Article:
Will Muschamp began his tenure in Columbia by leading his South Carolina Gamecocks into Nashville and beating Derek Mason's Vanderbilt Commodores. The expectations in the weeks leading into the game were that Vanderbilt's defense would be ahead of their own offense, as well every unit belong to the Gamecocks.
This almost proved to be prophetic, but second half adjustments made by South Carolina's offense were enough to steal a win on the road, and provide a positive start to the new dawn of the Muschamp Era.
The first half was largely listless football - the lone bright spot being Vandy's defense largely shutting down South Carolina. The Gamecocks only managed 88 yards in the first half, but they certainly fired enough rounds into their own cleats to slightly dampen the hype of the Commodores defense. The self-infliction included: two turnovers, several dropped passes, and, at last count, six penalties in the first 30 minutes.
At the beginning of the second quarter, in an effort to jump-start the offense, starting redshirt senior quarterback Perry Orth was benched in favor of true freshman Brandon McIlwain. Offensive coordinator Kurt Roper did McIlwain several favors calling a bevy of screens along with quarterback draws and zone reads out of Shotgun which eventually resulted in the first offensive momentum of the night for South Carolina.
Soon after, McIlwain performed how freshman tend to perform over time, and fumbled the ball within the red zone bringing a disappointing end to a hopeful drive. McIlwain didn't see another snap; however, the long drive had the consequence of granting South Carolina's defense time to recover, unlike the first quarter, and would eventually lead to six straight 3-and-outs extending into late in the third quarter.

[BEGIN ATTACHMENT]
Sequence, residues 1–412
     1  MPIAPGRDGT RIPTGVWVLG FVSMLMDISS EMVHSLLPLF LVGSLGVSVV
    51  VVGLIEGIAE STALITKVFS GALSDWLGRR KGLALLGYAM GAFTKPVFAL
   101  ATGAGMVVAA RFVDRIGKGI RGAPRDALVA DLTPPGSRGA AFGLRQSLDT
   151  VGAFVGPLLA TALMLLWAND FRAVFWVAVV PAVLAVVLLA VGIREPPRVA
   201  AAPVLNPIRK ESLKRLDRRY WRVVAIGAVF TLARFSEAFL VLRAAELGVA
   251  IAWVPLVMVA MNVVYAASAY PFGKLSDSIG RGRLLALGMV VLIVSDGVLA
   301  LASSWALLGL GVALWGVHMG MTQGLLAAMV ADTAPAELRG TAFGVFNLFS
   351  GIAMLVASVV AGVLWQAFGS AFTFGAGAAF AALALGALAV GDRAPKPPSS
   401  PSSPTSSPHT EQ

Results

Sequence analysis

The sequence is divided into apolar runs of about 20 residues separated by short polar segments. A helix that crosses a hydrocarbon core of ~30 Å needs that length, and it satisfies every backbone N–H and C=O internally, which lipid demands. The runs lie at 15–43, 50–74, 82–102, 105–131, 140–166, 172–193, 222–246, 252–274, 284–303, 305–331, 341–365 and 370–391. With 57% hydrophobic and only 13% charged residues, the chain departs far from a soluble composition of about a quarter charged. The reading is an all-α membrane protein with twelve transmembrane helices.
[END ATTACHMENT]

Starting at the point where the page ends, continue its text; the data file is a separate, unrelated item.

Vanderbilt didn't muster much more production, but still managed a 10-0 lead at halftime partly based on Gamecock turnovers. The Commodores finished the first half with 109 total yards, and a sizable portion of that came on 45 rushing yards from stud running back Ralph Webb on 12 carries. Vanderbilt seemed content to feed Webb the ball, and were largely able to move the chains doing just that.
Quarterback Kyle Shurmur only managed a meager 5-for-8 passing for 26 yards, and the leading receiver was CJ Duncan with one catch for 16 yards. Vanderbilt did not look capable of reliably completing a deep pass, and yet they held the lead thanks to their stout defense and Webb's efforts.
The second half almost immediately suggested South Carolina had shaken off the rust. The improvement culminated in scoring 10 unanswered points to tie the game after a nine play drive at the 7:30 mark of the fourth quarter.
Perry Orth started the second half, and in a reversal from the first half, was slinging darts on consecutive drives after his short benching. Complimenting his performance was redshirt freshman running back AJ Turner who rushed for 70 yards on 13 carries. Kurt Roper looked to have made good second half adjustments but was helped by the sudden lack of offensive penalties, and receivers catching balls led by freshman Bryant Edwards and his eight catches for 101 yards. It's amazing how much better an offense looks when the players execute.
Finally, it would be kicker Elliot Fry making the game winning 55-yard field goal with 35 seconds left in the fourth quarter that would give South Carolina the 13-10 lead and the win. South Carolina would finish with 308 total yards after only managing a meager 88 yards in the first half.
The story of the game for the Commodore faithful may be that Vandy's offense didn't make similar strides in the second half. Webb would finish with 97 yards on 20 carries (including three receptions for another 28 yards), and while Shurmur showed a tendency to stand tall in the pocket despite oncoming pressure, he would only finish the game 8-for-22 with 73 yards passing. The play-action wasn't there tonight on deep balls, and that may have as much to do with South Carolina's discipline as Vandy's lack of play-makers on the perimeter.
Opening games typically serve as Rorschach tests. Positives can be drawn for both teams, but so can long-term concerns. South Carolina may have a decent offense this season- mostly thanks to young talent like Turner and Edwards - but a season-long grind may expose depth issues at the skill positions.
For Vanderbilt, the defense may not be imposing enough to make up for an offense that has an over-reliance on Webb, a back that had 489 career carries heading into 2016 (good for third in the SEC the each of the last two seasons), and one wonders how long can he maintain that workload. The question for Vanderbilt going forward is how to diversify their offense in order to support their defense.